It was a dark, quiet, and spooky Halloween night of 2006. All that could be heard was the whistling of the wind, a dog howling off in the distance, and the faint strains of “Grandma Got Run Over By a Reindeer” from a local radio station.
You remember how Halloween used to be so much easier when you were a kid before the world began to change. People were friendlier and candy was cheaper, so they bought bigger bars and gave it out to trick-or-treaters readily. And you never needed to sue any of your neighbors for making you fat. Today young children can’t even play “hide and seek” anymore because of the one stupid kid who keeps hiding in an undisclosed location.
There was no need to visit different neighborhoods because people in your own town were always willing to open their doors. Some adults who were giving out candy even dressed up in costumes themselves. Granted, Mrs. Henderson was almost dressed as Elvira, Mistress of Mantua Avenue that one night, and that experience scarred you for about six years. But you eventually recovered from the apple cider hangover, and you now look back on Halloween as a pleasant, and learning, experience.
It was smart of you to talk things over with the girls, Paris and Nicole, and your son Billy before they went out trick-or-treating. There are bad people out there who would try to give you tainted candy, you told them. “Yeah, but aren’t some people giving away cars?” Billy answered.
You always told him that Oprah was only make-believe. You threatened to take away his daytime TV privileges but reconsidered, remembering how you may have helped to cause his confusion. It started around the day you told him that the tooth fairy didn’t leave any money underneath his pillow anymore because his job had been outsourced to Taiwan.
Anyway, Nicole was looking quite fashionable in the new costume she bought last week, the Martha Stewart #55170-054 jumpsuit. Meanwhile, deeply conflicted Billy spent all of his money on video games and had to design his own costume-the color coded terror alert chart- out of cardboard and papier-mâché.
So they started trick-or-treating at the Johnson’s home this year, stepping over about fourteen election signs in order to reach the door. The kids soon found out that the Johnsons were giving out those damn tiny Atkins-approved Snickers bars again.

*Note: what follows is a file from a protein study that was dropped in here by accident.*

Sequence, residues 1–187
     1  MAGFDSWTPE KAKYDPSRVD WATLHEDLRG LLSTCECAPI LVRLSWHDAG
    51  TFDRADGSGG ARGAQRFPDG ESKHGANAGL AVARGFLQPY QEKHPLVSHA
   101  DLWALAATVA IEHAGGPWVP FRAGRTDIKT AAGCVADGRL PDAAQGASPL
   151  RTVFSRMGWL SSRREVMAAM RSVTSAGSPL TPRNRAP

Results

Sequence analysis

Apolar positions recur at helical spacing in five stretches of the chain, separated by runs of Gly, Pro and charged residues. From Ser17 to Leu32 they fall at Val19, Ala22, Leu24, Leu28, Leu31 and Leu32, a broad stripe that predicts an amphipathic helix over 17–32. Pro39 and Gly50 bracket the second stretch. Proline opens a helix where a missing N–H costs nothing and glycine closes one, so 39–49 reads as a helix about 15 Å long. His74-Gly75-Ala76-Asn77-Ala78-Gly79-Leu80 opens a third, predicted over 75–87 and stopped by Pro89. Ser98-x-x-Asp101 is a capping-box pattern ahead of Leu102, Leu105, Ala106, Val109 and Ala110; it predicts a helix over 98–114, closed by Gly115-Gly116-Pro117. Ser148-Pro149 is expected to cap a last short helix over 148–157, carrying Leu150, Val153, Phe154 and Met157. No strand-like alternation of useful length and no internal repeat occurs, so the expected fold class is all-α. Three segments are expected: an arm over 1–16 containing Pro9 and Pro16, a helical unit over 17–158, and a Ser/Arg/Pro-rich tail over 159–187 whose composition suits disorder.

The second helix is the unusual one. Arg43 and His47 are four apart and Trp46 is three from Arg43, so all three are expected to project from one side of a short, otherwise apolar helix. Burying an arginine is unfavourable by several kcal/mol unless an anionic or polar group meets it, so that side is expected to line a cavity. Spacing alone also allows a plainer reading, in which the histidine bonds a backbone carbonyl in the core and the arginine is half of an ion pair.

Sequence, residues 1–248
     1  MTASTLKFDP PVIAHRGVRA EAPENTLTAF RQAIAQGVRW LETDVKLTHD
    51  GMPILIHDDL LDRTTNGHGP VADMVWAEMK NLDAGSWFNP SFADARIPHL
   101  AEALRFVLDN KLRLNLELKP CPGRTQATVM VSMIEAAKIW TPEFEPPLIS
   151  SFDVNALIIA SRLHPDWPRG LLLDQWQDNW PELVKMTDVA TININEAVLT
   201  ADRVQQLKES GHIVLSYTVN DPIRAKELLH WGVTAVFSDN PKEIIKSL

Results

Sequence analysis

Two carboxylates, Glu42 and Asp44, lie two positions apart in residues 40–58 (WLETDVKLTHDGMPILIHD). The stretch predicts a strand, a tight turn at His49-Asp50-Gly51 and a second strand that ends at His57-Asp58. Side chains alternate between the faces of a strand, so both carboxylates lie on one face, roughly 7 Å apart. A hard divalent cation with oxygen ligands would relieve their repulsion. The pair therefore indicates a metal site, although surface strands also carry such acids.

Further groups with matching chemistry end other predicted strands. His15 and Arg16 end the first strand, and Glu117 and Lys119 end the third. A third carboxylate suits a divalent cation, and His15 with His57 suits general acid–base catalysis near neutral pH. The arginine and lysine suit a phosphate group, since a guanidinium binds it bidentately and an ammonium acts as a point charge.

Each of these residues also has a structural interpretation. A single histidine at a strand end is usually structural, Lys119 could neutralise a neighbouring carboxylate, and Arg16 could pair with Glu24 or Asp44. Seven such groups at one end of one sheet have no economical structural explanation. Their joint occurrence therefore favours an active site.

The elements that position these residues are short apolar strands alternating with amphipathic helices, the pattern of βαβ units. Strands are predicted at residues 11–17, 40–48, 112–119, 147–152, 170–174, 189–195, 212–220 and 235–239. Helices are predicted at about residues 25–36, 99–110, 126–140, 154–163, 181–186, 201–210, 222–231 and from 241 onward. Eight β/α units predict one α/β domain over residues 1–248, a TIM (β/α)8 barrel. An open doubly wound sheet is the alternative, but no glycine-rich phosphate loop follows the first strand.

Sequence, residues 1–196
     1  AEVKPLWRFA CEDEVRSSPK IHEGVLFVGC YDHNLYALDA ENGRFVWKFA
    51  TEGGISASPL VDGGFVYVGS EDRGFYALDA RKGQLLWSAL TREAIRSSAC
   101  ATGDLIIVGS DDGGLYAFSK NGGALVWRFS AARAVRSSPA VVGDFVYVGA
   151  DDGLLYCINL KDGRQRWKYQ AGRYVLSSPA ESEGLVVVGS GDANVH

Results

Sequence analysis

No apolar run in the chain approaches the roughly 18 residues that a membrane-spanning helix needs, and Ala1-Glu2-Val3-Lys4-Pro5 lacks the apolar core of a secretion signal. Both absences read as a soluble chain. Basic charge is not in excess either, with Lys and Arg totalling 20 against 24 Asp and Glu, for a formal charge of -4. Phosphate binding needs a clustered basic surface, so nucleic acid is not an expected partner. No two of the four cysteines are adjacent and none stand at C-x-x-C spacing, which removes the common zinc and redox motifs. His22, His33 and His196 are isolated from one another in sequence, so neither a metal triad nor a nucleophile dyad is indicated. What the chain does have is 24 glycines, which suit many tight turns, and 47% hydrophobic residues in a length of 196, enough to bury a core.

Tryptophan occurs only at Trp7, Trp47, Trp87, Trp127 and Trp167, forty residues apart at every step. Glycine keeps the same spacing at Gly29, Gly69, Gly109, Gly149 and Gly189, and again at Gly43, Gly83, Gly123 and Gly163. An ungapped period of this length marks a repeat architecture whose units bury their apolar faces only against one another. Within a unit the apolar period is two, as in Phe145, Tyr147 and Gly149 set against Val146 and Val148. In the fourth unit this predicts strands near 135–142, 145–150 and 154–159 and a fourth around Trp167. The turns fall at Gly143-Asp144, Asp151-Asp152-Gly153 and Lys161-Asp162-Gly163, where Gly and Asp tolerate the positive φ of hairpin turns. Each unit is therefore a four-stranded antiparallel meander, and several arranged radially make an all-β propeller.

But they didn’t let that discourage them. They got to the next house at the same time as some kid who was dressed up as David Caruso from CSI: Miami. The lady inside was handing out Win For Life New Jersey Lottery scratch off tickets instead of candy.
“A winning prize will insure your future,” she said.
“I promise to investigate the future extreme makeover of your trees with squeezeably soft Charmin,” replied Caruso.
On their way to the next house the children were confronted by a roving band of costumed musicians, kids dressed as Cat Stevens, Dan Fogelberg, and Huey Lewis, who threatened to steal the candy they had accumulated. Fortunately the weird kid in the Carrot Top costume was tagging along behind your kids and was able to call you with his extra minutes.
The next home the children came to was having a Halloween party in their back yard. Billy listened in from behind their fence as costumed spooks and goblins who were sitting around a campfire told horrifying stories about ghosts, haunted houses, and the 2000 Election.
Terrified, Billy ran away screaming. On his way back he got a ride from a kid who was carrying around a GPS receiver so his big brother could pick him up to drive him home from surrounding counties.
The scary and creepy Halloween of 2006 had been one the children would never forget. Paris got three full treat bags and $10 in coupons for Blockbuster from her interactive trick-or-treating. Billy had been less successful. He had gotten his share of candy, but after he got home he threw all of his G. I. Joe dolls in the trash because they didn’t come with the proper documentation of his war record in their original boxes.
But Billy began to feel better about three weeks later when he paid a return visit to the Johnson home one eerie night with one dozen Atkins approved eggs. And off in the distance the wind whistled an ominous and frightening tune: through the still remaining election signs.